W A S H I N G T O N, Aug. 23 -- The Pentagon is sending a special team to Fort Bragg this weekend to look for a possible link in the deaths of four Army wives. The women were all allegedly killed by their husbands, some of whom took an anti-malaria drug that can have side effects.
On June 11, two days after returning from Afghanistan, Sgt. 1st Class Rigoberto Nieves allegedly shot his wife Teresa and then himself. Over the next five weeks there were three more spouse killings.
Sgt. 1st Class Brandon Floyd, of the elite Delta Force, allegedly shot and killed his wife Andrea and then himself.
Master Sgt. William Wright allegedly strangled his wife Jennifer.
Sgt. Cedric Griffin, the only one who had not been to Afghanistan, allegedly stabbed his estranged wife, Marilyn.
Three of the four Fort Bragg soldiers were special operations servicemen who had recently returned home after tours of duty in Afghanistan.
An Army medical team is now investigating why these crimes happened. One thing they are considering is a possible link between the anti-malaria drug Lariam and the murders.
'Suicidal Behavior, Psychotic Actions'
Jeanne Lese, co-director of Lariam Action USA, says the drug is dangerous. "The most recent study shows that Lariam causes side effects in one-third of the cases," Lese said. "And these side effects can be paranoia, suicidal behavior, psychotic actions."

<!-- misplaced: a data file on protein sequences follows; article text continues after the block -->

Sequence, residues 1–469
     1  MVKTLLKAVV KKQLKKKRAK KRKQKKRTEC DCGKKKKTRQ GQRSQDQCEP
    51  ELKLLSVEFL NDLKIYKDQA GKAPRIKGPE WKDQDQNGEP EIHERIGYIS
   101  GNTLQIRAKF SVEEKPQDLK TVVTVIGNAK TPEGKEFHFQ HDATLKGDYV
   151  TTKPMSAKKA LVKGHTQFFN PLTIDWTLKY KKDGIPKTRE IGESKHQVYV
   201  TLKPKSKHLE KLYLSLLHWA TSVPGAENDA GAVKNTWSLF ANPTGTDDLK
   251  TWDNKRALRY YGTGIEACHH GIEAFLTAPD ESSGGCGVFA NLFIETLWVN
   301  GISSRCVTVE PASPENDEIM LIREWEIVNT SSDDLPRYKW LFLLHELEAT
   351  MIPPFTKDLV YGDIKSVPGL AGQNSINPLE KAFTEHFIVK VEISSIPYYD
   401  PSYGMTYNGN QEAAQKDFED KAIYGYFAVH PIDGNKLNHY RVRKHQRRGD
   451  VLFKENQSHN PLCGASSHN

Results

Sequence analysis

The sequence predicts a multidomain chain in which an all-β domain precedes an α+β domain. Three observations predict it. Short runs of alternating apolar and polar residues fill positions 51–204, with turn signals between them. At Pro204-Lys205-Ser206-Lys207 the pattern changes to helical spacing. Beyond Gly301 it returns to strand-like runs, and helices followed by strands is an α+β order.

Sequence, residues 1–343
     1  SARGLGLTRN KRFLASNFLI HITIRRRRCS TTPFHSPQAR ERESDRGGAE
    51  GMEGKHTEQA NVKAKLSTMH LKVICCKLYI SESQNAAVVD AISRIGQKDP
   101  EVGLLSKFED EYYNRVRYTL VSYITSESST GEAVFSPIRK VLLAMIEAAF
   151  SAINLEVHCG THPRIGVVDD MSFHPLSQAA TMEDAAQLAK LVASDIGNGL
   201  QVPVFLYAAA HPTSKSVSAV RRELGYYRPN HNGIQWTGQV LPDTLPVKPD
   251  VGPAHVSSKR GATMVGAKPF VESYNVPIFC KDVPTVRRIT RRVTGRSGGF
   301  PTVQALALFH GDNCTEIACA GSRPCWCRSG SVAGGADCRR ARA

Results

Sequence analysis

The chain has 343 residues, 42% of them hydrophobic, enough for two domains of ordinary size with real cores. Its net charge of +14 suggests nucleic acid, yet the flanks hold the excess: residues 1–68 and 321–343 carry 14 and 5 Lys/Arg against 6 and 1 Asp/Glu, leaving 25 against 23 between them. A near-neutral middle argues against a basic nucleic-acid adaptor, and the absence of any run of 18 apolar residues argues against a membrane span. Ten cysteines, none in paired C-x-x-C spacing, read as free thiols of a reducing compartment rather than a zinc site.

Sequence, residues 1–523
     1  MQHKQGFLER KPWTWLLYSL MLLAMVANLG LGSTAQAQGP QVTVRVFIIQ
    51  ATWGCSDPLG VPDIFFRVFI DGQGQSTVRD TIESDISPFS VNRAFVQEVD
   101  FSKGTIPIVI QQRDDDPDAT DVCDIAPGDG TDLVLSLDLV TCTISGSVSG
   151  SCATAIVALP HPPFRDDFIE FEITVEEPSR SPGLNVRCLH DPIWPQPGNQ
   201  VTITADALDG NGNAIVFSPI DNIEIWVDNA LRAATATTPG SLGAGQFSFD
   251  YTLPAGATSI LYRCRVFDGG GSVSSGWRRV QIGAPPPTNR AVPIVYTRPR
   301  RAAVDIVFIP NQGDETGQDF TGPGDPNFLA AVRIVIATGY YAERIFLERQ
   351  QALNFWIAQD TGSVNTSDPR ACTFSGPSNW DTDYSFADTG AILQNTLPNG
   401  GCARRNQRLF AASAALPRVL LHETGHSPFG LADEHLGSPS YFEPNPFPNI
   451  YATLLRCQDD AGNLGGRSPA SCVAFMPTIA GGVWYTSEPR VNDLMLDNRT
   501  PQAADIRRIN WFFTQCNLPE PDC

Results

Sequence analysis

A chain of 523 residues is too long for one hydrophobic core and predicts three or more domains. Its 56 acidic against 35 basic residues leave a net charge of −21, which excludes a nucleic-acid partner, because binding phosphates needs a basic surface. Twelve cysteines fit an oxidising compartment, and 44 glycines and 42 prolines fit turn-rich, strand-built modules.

The Army is skeptical of a connection between the killings and the drug. Army officials say they'll check into a Lariam link but there has been no evidence so far that it might be linked to the Fort Bragg killings.
Colonel Robert DeFraites of the Army Surgeon General's office helped put together the epidemiological consultation team — EPICON — that's going to Fort Bragg on Sunday.
He told ABCNEWS' Good Morning America that the consultation team would be looking for any common thread in the killings, including the drug, but he didn't expect Lariam to be the key.
"Lariam has been used very successfully by the Army and others, many others around the world for the 10 years that its been licensed by the FDA," DeFraites said. "Our experience, in particular, in this case, it really doesn't seem to add up to be that common theme or common thread that we're looking for," he said.